particles, one to one? Which would be the earth? The first one?
Do we again arbitrarily determine that the first of
something is the "real" one? Then does that mean that the earth of today is not
the real earth of last year? But its particles are the same, you say? Not truly. Not with
two tons of cosmic dust drifting into the atmosphere every day; not with the loss of
energy into space, not with the rearrangement of cities and the drift of continents.
Let's be clever and say that something has an
identity as the same thing as long as the majority of its particles are not changed from
one moment to the next. So, the changes in the earth below our pattern's resolution do not
count as long as the bulk of the earth remains the same between any two measurements in
Well that depends upon how far apart the
measurements are in time, doesn't it? If we replaced one fourth of the earth each day for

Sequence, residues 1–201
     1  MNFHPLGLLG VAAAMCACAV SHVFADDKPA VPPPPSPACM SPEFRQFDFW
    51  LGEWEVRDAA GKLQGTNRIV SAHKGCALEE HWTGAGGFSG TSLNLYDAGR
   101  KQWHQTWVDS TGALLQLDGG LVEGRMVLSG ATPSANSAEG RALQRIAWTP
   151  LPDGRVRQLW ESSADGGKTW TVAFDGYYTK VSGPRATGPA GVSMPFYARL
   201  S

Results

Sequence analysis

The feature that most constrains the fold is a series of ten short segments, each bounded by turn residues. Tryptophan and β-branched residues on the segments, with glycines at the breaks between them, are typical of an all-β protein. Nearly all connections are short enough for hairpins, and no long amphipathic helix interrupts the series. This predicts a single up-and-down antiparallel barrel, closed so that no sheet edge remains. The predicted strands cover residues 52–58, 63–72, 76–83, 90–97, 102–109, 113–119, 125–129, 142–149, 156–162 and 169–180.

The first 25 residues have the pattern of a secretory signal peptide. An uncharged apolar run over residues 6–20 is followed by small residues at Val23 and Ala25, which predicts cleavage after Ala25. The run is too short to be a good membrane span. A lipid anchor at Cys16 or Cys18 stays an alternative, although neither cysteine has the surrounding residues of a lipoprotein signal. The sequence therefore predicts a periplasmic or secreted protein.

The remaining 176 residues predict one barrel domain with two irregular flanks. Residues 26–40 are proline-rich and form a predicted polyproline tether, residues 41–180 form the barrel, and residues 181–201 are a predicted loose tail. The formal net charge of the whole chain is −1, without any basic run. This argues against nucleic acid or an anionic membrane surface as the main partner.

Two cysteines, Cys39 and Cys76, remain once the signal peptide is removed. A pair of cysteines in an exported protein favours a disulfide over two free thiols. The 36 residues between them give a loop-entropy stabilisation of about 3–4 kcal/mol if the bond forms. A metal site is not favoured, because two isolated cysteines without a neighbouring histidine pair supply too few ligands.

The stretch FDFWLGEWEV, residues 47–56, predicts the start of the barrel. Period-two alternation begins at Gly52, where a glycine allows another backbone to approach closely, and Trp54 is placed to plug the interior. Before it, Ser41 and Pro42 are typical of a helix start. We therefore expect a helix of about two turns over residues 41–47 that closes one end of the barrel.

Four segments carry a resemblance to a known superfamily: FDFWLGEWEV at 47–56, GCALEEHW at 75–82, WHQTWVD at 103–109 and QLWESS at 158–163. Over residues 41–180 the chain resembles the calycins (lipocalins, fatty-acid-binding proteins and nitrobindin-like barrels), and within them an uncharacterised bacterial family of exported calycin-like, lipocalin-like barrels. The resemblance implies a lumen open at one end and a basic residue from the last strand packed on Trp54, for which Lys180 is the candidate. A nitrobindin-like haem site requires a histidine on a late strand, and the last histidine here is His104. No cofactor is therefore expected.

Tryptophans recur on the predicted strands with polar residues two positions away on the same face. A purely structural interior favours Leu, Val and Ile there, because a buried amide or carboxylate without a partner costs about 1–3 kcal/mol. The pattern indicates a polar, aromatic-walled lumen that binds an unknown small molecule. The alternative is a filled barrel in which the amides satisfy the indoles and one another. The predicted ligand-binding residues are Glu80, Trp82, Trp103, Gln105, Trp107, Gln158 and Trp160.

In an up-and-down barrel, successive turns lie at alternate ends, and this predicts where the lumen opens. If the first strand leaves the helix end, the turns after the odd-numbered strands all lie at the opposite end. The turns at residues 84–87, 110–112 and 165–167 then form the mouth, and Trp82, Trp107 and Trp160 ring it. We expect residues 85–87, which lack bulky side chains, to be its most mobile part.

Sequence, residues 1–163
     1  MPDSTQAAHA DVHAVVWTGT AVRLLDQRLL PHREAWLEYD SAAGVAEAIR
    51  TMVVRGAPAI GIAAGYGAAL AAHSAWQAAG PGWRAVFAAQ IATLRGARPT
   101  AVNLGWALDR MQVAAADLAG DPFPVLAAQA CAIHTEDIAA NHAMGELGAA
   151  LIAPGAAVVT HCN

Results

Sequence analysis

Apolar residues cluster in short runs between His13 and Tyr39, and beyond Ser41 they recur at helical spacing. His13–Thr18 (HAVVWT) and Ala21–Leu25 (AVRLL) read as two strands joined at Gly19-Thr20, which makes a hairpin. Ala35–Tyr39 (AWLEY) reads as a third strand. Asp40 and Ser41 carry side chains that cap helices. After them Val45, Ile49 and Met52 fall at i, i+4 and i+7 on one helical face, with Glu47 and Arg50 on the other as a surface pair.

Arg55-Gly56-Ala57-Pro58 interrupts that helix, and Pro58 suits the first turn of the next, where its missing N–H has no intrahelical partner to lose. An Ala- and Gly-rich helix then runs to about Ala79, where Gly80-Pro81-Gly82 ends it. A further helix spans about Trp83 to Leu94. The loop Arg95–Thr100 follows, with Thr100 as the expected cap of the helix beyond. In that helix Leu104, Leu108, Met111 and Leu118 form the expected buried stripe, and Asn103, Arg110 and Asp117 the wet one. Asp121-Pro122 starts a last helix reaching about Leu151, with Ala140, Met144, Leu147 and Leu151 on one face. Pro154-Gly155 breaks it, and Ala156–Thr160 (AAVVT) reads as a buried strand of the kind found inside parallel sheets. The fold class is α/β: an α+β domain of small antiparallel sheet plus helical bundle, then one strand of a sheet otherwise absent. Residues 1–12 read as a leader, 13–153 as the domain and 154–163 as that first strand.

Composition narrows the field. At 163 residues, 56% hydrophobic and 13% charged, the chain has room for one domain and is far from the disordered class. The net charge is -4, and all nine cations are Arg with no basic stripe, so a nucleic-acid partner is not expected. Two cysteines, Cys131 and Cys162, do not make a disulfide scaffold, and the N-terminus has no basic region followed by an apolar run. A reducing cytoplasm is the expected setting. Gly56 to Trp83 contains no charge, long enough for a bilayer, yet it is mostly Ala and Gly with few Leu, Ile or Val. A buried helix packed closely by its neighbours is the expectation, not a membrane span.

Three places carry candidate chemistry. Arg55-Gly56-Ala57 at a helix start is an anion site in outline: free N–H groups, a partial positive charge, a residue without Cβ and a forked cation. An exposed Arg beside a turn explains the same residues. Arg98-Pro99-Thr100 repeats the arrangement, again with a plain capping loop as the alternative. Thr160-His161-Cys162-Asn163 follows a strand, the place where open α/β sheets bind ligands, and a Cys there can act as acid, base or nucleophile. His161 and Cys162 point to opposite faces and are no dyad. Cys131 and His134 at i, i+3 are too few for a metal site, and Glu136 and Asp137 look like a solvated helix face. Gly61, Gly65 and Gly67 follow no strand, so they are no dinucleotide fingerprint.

four days, measuring it each day, we would meet our definition, but at the end of the
fourth day, none of the original would remain yet it would still be the earth.
What if we define the earth as having at least half
its original particles from some arbitrary starting point. So this time we divide the
earth in thirds and destroy two parts. Again, the continent of North America is on the
remaining part. Is it the earth?
Well, we say that it IS the earth, but the concept
of earth has changed. Or we say that it is not the earth and the concept of earth is the
same. But either way, something of the nature of what we called the earth has changed.
Either the earth is defined as something else, or the earth no longer exists even though
one third of it remains unchanged and the other two thirds remain as particles drifting in
How much can you cut off the top of a 4 inch paper
cup before it is not a paper cup anymore? Who can say? How much can you cut off the top of
a 4 inch paper cup before it is not THE paper cup? That one is easy.
If you cut even a single atom from the cup it is no
longer THE cup. Simple enough. Have any atoms been removed lately from your paper cup? Are
you sure? How can you tell? You can tell by measuring it. First you need to count all the
original atoms and make sure which ones they are by marking them somehow. Then you need to